There are no specific rules determining the conditions under which the council must fulfill the subsidiary responsibility incumbent on the international community. Such criteria were debated only with respect to a “responsibility to react,” namely a responsibility to have recourse to (military) force to protect a population, but were not accepted for it by the World Summit in 2005 (Stahn 2007). A fortiori, they do not exist for a “responsibility to prevent” or a “responsibility to rebuild”31 Therefore, from a legal perspective, the subsidiary responsibility to protect only empowers the international community to act, but does not oblige it—there is no duty to protect. Thus, there is a discrepancy between the moral duty to help and international law as long as the decision to have recourse to binding measures under chapter 7 remains within the political discretion of the Security Council.
In the absence of collective actions authorized by the Security Council, the question arises whether individual states or even nonstate actors such as business enterprises or NGOs may act in fulfillment of the responsibility of the international community. Individual states may act because human rights constitute obligations erga omnes. Yet, the sovereignty of the targeted state and the concomitant prohibitions of intervention and of the use of force largely exclude effective preventive, reactive, or restorative actions against or without the will of the former.
As preventive measures, that is, before a violation occurs, individual states can merely warn another state against impending human rights violations. This action does not violate the prohibition of intervention because the warning state has a legally recognized interest in the respect of human rights as they constitute obligations erga omnes. More effective proactive measures, however, such as support for capacity building, presuppose the consent of the targeted state, if the Security Council did not authorize them. Arguably, under article 2.1 of the ICESCR, states are obliged to accept international assistance if they lack sufficient means to realize economic, social, and cultural rights. It is, however, still disputed whether states are obliged to provide such assistance.32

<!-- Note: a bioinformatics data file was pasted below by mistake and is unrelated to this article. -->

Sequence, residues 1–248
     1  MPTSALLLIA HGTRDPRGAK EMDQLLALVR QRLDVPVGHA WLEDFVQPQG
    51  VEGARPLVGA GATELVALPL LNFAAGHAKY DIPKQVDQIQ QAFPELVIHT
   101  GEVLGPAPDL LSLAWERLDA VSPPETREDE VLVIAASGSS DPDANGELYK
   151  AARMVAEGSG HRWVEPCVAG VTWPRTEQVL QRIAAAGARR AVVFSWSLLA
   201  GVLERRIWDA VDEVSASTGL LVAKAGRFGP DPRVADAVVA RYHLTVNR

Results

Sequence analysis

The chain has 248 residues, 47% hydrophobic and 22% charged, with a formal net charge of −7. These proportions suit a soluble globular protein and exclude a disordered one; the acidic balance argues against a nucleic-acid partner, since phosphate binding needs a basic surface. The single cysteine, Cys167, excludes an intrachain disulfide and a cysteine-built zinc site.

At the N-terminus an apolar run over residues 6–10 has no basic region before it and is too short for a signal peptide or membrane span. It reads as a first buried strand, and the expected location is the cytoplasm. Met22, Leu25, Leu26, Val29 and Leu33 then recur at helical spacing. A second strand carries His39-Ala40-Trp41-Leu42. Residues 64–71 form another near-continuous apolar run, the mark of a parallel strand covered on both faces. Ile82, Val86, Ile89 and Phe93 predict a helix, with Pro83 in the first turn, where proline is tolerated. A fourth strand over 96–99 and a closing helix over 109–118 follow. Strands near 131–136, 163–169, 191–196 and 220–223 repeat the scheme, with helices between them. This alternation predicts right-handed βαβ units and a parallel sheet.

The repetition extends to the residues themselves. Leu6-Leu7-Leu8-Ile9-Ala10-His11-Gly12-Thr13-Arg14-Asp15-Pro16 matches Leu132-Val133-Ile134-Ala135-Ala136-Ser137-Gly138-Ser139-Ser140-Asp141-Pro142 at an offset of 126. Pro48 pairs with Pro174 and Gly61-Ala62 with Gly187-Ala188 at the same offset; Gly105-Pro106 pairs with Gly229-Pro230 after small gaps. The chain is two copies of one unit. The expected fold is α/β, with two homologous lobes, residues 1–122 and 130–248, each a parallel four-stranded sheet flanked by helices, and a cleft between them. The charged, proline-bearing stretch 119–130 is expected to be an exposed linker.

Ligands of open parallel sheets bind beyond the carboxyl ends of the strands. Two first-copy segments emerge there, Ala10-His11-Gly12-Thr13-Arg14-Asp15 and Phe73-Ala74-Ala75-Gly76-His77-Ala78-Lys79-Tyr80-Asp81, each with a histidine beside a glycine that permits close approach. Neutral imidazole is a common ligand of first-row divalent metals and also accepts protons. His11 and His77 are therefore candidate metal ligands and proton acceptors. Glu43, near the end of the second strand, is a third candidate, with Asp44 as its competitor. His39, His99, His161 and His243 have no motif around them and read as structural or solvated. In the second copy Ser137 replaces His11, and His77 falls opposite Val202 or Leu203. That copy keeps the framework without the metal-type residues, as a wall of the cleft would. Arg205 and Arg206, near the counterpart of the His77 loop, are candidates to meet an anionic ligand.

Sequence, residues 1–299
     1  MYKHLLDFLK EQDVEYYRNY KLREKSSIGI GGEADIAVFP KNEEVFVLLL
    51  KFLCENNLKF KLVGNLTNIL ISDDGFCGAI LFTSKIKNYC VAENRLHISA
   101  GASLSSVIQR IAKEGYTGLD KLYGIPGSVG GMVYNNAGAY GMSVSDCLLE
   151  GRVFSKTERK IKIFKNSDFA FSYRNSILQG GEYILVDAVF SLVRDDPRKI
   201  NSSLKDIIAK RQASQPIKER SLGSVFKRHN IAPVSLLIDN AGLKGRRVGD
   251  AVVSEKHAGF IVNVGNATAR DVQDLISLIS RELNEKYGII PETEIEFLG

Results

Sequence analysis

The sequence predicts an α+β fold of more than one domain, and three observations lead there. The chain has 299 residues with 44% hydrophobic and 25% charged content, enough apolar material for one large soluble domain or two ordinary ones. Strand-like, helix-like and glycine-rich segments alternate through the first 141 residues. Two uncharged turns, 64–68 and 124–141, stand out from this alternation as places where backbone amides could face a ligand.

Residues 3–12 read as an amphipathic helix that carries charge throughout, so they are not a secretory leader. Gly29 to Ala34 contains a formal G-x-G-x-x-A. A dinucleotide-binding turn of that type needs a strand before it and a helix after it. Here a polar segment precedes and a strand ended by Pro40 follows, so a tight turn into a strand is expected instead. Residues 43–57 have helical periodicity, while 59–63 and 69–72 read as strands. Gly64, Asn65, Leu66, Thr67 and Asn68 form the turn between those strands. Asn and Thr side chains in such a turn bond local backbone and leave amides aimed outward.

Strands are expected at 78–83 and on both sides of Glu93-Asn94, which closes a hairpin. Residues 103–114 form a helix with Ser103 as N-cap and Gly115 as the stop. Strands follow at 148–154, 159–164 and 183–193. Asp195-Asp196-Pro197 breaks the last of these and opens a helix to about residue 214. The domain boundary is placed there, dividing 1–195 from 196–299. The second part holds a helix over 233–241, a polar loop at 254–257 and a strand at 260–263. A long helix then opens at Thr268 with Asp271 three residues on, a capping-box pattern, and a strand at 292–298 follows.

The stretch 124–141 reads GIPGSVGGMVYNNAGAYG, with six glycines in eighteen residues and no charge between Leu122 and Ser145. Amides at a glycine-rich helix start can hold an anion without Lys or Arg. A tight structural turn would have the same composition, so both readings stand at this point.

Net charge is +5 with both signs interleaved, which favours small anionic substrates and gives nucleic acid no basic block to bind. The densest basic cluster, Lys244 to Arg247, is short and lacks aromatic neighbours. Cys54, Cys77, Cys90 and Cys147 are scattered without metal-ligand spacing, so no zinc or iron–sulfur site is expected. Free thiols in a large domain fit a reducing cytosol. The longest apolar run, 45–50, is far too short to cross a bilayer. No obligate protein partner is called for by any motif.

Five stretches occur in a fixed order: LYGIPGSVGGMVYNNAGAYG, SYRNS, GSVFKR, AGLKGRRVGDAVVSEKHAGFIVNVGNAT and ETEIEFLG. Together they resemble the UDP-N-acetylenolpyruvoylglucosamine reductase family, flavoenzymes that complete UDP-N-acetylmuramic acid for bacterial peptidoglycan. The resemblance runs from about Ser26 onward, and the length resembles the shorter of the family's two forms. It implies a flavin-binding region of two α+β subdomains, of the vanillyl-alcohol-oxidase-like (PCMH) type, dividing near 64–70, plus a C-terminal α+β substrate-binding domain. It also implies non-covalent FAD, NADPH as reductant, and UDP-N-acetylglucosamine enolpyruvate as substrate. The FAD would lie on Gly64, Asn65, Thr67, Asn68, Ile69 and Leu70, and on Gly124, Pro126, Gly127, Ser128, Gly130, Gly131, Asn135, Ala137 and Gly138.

As a protective measure, that is, when serious human rights violations are occurring, a nonmilitary intervention by individual states can merely take the form of a call for cessation.33 Although basic human rights are norms erga omnes, individual states may not take any other unilateral nonforcible countermeasures.34 In the absence of a Security Council authorization, military interventions and an ensuing military occupation during the rebuilding phase constitute prohibited use of force. The reluctance of the international community to react, through the Security Council, in cases of serious violations of human rights by authorizing the use of force against the perpetrator state is at the basis of the debate about the legality of unilateral, that is, unauthorized, humanitarian interventions: it can be seen as an attempt to harmonize the requirements of morality with international law by allowing individual states or particular state coalitions to act in fulfillment of the responsibility of the international community.